Metropolitan News-Enterprise


Monday, May 8, 2023


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Ninth Circuit Requires Resentencing of Man Who Orchestrated Courthouse Bombing


By a MetNews Staff Writer

An FBI agent is seen at the scene of the 2008 bombing of a federal courthouse in San Diego. The sentence of the primary culprit will be recalculated, under a  Ninth U.S. Circuit Court of Appeals opinion filed Thursday.



The Ninth U.S. Circuit Court of Appeals has vacated the 55-year prison sentence imposed on the ringleader of a small group of persons who bombed the United States Courthouse in San Diego in 2008, holding that gaffes in calculating the term that were detrimental to him cannot be simply offset by mistakes in his favor, in order to validate the outcome.

Utilizing language contained in the U.S. Supreme Court’s 2008 opinion in Greenlaw v. United States, the memorandum in Thursday’s opinion says the court will “vacate the entire sentence on all counts so that, on remand, the trial court can reconfigure the sentencing plan to ensure that it remains adequate to satisfy the sentencing factors” set forth in the federal sentencing statute.

Among the findings made by the panel—comprised of Ninth Circuit Judges Marsha S. Berzon, Kenneth Kiyul Lee, and Eric D. Miller—is that Ninth Circuit Judge M. Margaret McKeown, serving on the District Court for the Eastern District of California, did not abuse her discretion in boosting Flint’s sentence based on government property being destroyed.

‘Significant Disruption’

 Their opinion says:

“[A] court may increase the sentence if ‘the defendant’s conduct resulted in a significant disruption of a governmental function.’ Love’s actions caused a busy federal courthouse to close for an entire day. It was not an abuse of discretion to determine that the disruption was significant. Love argues that the property-damage departure already accounted for those consequences. Although one way in which Love’s actions disrupted the government was by physically damaging the courthouse, his actions further disrupted the government because they led to the closure of the courthouse—a consequence not covered by the property-damage departure.”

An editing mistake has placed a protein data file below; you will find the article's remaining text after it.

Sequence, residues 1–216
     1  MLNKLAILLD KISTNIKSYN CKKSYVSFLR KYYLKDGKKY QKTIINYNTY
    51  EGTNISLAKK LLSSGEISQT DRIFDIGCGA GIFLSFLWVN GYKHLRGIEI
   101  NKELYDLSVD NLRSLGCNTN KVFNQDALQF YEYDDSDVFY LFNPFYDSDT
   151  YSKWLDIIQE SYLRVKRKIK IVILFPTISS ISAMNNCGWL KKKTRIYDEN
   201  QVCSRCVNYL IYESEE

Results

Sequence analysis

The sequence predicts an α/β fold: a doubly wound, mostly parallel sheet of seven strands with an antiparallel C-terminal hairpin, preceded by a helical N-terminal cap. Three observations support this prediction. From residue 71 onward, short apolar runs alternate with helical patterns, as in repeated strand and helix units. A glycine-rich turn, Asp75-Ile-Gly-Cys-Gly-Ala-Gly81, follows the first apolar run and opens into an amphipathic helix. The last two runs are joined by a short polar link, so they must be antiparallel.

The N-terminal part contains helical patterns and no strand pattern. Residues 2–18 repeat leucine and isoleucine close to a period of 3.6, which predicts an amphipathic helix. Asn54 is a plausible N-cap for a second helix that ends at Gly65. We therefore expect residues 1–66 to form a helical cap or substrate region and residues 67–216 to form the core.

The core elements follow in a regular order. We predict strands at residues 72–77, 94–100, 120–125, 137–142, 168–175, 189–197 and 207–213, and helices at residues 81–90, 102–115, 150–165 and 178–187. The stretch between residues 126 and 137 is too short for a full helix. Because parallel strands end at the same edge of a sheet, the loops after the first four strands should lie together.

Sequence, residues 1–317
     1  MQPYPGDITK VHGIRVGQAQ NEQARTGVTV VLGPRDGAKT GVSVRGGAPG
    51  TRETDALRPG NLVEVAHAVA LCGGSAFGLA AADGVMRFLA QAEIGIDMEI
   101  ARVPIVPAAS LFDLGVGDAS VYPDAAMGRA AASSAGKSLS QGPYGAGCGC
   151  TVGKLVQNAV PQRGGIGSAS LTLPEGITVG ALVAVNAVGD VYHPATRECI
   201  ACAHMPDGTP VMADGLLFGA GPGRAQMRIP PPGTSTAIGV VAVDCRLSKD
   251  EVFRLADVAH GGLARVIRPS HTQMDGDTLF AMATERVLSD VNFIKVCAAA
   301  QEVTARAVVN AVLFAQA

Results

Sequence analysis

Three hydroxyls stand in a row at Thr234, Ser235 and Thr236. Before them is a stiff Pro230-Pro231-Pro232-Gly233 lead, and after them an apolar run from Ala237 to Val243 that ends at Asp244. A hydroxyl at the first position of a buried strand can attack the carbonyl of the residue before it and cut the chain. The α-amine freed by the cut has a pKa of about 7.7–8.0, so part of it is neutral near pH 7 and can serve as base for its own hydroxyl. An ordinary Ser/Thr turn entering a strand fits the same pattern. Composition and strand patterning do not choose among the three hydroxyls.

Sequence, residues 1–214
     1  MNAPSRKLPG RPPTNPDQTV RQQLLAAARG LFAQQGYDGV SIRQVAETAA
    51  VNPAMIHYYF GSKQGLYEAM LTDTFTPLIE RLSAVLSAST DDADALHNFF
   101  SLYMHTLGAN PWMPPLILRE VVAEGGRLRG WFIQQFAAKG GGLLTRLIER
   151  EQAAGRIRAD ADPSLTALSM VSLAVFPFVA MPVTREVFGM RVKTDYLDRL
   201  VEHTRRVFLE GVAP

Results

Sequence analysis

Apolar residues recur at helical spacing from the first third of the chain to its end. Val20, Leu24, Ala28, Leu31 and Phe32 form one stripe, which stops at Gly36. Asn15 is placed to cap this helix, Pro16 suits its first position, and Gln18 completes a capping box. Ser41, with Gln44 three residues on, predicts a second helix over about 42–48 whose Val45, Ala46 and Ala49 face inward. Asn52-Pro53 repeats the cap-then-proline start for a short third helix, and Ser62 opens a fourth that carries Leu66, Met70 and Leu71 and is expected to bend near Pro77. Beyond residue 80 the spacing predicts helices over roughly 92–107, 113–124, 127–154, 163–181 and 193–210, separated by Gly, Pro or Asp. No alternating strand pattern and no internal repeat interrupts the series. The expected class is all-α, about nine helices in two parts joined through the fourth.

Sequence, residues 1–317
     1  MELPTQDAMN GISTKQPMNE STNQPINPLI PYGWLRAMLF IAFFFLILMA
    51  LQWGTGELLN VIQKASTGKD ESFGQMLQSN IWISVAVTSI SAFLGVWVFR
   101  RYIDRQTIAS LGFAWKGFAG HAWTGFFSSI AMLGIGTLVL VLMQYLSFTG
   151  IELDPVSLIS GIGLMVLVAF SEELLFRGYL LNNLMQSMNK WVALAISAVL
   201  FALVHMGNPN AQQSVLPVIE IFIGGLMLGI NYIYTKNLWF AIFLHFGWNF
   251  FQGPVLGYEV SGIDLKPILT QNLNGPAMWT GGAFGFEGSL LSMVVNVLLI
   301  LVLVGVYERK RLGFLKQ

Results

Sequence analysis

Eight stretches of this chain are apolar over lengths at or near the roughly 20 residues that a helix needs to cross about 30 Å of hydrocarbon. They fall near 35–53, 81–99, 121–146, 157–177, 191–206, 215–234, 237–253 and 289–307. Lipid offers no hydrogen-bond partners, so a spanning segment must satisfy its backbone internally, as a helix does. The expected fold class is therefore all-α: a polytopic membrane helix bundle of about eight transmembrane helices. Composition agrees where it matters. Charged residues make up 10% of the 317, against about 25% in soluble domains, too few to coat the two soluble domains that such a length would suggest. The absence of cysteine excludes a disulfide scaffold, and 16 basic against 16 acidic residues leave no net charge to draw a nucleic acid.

The purpose of the bombing—which caused no personal injuries—was to gain money. Flint was out of work; he persuaded two persons who were dependent on him for drugs to help him; the Edward J. Schwartz Federal Courthouse in San Diego was bombed on May 4, 2008; Flint’s lawyer contacted the FBI a few days later and proposed that Flint receive the $75,000 reward by providing information and that he receive leniency.

Two of Flint’s co-conspirators received 10-year sentences and one received a seven-year prison term.

U.S. Attorney’s Comments

Then-United States Attorney Laura E. Duffy of the Southern District of California (now a San Diego Superior Court judge) commented at the time of the sentencing:

“It is only by blind luck that no one, including Love’s coconspirator, Rachelle Carlock, was killed or injured by Love’s actions. The device detonated at the doors of the federal courthouse in the early morning hours of May 4, 2008, contained over two pounds of explosive powder jammed into three galvanized steel pipes with end caps, along with over 100 roofing nails.”

She continued:

“The subsequent explosion not only blew out the doors to the federal courthouse, causing substantial property damage, but also sent shrapnel and nails flying in all directions – over a block away and at least six stories into the air. Defendant’s actions showed a callous disregard for the lives of those individuals who were still working in the federal courthouse in those early morning hours, as well as the lives of pedestrians passing by.”


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